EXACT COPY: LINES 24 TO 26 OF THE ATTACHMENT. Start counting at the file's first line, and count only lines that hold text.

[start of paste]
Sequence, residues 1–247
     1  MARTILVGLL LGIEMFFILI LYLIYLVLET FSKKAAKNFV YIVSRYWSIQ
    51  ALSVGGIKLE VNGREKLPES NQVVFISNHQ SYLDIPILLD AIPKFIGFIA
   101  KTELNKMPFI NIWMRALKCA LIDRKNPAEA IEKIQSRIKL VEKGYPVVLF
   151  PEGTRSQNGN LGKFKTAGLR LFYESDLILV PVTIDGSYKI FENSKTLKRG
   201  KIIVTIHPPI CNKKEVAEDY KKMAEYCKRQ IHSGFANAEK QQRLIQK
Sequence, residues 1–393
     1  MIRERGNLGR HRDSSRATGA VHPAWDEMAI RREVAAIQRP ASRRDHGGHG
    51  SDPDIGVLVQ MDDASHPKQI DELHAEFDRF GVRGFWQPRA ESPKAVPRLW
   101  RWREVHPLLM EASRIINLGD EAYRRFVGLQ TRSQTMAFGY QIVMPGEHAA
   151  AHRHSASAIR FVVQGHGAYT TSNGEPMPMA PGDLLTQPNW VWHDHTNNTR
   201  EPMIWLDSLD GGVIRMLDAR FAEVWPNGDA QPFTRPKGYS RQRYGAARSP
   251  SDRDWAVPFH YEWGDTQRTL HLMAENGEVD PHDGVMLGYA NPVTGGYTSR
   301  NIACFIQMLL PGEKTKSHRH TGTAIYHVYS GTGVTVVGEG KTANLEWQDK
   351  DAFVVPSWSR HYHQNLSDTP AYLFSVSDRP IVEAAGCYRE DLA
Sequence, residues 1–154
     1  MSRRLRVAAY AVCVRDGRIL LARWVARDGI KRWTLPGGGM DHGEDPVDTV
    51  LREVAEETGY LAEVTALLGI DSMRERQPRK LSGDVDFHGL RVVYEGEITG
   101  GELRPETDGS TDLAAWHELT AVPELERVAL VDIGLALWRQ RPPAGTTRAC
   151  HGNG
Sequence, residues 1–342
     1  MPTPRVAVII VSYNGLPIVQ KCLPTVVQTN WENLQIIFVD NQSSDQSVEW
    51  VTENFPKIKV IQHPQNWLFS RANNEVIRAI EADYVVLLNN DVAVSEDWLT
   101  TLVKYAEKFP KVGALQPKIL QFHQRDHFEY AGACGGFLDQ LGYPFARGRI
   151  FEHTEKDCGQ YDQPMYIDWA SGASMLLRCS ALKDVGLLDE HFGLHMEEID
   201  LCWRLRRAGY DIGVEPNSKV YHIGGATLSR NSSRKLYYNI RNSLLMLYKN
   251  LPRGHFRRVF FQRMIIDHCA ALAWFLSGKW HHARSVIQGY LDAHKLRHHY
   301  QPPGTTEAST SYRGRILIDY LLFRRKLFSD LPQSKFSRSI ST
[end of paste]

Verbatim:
   101  TLVKYAEKFP KVGALQPKIL QFHQRDHFEY AGACGGFLDQ LGYPFARGRI
   151  FEHTEKDCGQ YDQPMYIDWA SGASMLLRCS ALKDVGLLDE HFGLHMEEID
   201  LCWRLRRAGY DIGVEPNSKV YHIGGATLSR NSSRKLYYNI RNSLLMLYKN